How much groceries can your EdgeRunner realistically carry... with two kids on board?

How much groceries can your EdgeRunner realistically carry… with two kids on board?

In short, the Edgy easily handled ~55 lbs of food (a mix of dense and fragile items), plus ~35 lbs of gear, and another ~215 lbs of humans, for a total of ~300 lbs!

We were low on the essentials so I took the boys out for a grocery run. I didn’t want to test what child-rearing was like without milk, yogurt, carbs, and more carbs. My goal was to keep it simple and buy only the important things. Nailed it! Except I didn’t. I was tricked into buying multiples of everything because of the marketing gimmick (genius?) of volume discounts. Buy four bags of chips to save $0.25? Sure, that totally makes sense!

The Light Switch was protective of the coffee. Like father like son:

This was my first time getting groceries with both boys on the Edgy. Like most errands with cargo bikes, this became an adventure. I always feel a sense of accomplishment after these adventures. Woo hoo! Bike dad did it! All the while I got exercise (burned fat, not money), bonded with the boys, avoided traffic, was kind to the environment, etc.

It wasn’t all easy though and I had to figure out a few things on the fly. With a heavy load and mini-Propects on board, I had to be careful with how I loaded and unloaded. First, I put the child carrier on, then strapped The Forgotten One in the carrier, then lifted The Light Switch out, then removed and packed away helmets and other loose items (thanks PorterPack!)…

then parked and locked the Edgy. Grocery shopping can now begin!

On my way out, I did everything in reverse with the added task of packing the groceries of course, which I did before putting the boys in their seats. The Forgotten One always goes in last so I do everything else with him strapped in the baby carrier. The Light Switch was intrigued by the different coloured bungees and was a good helper:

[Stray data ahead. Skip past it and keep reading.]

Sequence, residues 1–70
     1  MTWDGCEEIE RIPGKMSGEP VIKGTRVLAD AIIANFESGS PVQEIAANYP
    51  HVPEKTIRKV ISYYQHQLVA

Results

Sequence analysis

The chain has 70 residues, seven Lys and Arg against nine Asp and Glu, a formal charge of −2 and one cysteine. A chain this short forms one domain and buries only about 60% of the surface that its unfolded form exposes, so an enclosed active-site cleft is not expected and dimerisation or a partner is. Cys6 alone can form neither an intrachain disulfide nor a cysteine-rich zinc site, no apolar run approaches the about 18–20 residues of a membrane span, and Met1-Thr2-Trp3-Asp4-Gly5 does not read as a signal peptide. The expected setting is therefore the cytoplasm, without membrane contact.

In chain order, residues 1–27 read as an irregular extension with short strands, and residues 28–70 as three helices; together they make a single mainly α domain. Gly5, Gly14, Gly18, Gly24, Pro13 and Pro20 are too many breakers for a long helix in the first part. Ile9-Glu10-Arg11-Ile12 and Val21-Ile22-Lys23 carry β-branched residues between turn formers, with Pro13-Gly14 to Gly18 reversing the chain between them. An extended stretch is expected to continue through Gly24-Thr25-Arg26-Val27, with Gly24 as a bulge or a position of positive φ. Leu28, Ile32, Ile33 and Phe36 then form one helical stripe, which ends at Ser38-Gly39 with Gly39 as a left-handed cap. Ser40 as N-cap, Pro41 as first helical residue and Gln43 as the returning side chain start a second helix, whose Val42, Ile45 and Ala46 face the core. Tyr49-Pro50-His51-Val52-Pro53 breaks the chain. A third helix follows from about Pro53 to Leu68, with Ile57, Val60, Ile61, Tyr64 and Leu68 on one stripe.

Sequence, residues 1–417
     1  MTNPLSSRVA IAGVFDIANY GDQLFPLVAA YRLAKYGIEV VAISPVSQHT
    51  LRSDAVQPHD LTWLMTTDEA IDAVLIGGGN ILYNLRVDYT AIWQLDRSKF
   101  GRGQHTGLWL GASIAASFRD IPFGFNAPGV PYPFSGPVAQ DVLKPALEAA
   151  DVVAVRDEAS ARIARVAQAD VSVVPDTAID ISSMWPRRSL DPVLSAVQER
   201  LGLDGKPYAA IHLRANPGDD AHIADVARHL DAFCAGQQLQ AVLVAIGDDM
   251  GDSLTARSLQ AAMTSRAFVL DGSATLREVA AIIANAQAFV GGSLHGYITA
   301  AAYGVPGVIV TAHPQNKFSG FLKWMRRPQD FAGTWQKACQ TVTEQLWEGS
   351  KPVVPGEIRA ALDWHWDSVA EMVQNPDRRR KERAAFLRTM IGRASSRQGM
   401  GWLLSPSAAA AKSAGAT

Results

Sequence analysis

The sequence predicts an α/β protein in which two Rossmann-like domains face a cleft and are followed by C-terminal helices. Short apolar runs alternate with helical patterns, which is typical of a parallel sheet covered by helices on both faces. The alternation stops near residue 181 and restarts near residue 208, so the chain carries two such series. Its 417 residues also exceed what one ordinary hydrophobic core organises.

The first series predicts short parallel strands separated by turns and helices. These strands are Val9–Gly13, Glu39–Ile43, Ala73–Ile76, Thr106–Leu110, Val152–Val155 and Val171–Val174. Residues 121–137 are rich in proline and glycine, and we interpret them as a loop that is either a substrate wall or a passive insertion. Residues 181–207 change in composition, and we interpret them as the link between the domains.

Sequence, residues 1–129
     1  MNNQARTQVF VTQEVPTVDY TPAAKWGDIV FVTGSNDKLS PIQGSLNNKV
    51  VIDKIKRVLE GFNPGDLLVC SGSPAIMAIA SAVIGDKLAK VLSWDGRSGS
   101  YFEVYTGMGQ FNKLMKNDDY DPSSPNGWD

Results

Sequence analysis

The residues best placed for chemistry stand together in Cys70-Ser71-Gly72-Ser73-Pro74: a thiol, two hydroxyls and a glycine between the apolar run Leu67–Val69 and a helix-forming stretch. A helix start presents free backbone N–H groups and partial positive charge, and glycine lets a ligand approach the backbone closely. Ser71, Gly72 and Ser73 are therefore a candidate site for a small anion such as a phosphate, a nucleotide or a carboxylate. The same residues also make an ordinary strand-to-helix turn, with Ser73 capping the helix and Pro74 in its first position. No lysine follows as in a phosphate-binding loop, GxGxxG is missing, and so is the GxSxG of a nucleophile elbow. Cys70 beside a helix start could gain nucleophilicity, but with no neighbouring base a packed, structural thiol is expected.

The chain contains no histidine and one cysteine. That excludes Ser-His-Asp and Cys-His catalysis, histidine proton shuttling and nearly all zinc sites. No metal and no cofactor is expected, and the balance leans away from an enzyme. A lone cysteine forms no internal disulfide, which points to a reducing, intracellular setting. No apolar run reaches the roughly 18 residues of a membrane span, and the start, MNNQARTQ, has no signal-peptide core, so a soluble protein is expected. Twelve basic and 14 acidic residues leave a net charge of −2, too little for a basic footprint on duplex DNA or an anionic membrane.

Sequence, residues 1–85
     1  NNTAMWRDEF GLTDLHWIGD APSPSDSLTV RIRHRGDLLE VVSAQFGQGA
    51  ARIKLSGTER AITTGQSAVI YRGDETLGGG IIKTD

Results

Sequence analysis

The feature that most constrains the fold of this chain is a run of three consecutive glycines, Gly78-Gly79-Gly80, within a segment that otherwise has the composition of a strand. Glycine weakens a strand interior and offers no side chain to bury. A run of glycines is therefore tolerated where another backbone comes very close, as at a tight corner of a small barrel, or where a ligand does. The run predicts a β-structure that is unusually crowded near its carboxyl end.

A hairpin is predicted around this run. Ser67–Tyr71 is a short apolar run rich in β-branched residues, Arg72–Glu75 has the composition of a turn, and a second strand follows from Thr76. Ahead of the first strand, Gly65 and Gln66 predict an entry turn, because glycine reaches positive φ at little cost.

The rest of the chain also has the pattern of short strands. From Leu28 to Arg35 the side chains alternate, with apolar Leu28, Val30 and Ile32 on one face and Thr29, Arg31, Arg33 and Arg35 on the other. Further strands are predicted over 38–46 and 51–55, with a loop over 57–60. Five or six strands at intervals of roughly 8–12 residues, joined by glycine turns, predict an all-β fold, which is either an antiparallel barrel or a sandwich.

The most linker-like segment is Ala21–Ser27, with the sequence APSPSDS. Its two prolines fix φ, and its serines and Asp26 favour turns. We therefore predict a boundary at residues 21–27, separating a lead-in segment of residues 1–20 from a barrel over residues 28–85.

The packing and balancing were surprisingly easy. Heavy and dense items such as milk and yogurt were packed in the CargoBay bags to keep the weight low. Fragile items such as eggs and bread were packed in the PorterPack:

The only casualty of the trip was one single egg! That’s a solid yield. And yes, eggs probably shouldn’t have been at the bottom. The lightest stuff such as chips and ice-cream cones (stop judging) were in reusable bags on the top deck behind The Light Switch. Then I bungeed my backpack filled with diapers and snacks on top and voila:

It looked tight and tidy I must say. I wasn’t going for the overloaded look like a circus bear on a unicycle. Even still, the bike felt heavy, probably because it was my first time doing this. At no point did I feel unsafe though. I rode home most of the way with Level 1 (of 4) assist and sometimes with no assist at all just to feel the load. Overall, the weight was totally manageable. The added bonus was that after this trip, the Edgy with just the boys on it felt feather light! I’ll coin this phenomenon the theory of relativity. I hope it’s original.

My final grocery tally (from heaviest to lightest):

4 cartons of soy milk

3 bags of milk

3 dozen eggs

3 tubs of yogurt

1 bag of apples

1 bag of oranges

1 cooked chicken

2 loafs of bread

2 bunches of bananas(or “bonanzas”as The Peacemaker would say)

4 bags of chips

2 bricks of fine ground coffee

4 baby puree pouches

1 box of ice-cream cones

Have you carried groceries on your EdgeRunner? Share some of your epic photos and stories below!

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